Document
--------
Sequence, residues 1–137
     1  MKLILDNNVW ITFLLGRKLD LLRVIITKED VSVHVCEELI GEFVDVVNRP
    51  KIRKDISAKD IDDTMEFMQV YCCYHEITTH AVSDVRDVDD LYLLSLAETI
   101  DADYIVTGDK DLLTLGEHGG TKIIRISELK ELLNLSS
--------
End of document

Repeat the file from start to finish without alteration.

Sequence, residues 1–137
     1  MKLILDNNVW ITFLLGRKLD LLRVIITKED VSVHVCEELI GEFVDVVNRP
    51  KIRKDISAKD IDDTMEFMQV YCCYHEITTH AVSDVRDVDD LYLLSLAETI
   101  DADYIVTGDK DLLTLGEHGG TKIIRISELK ELLNLSS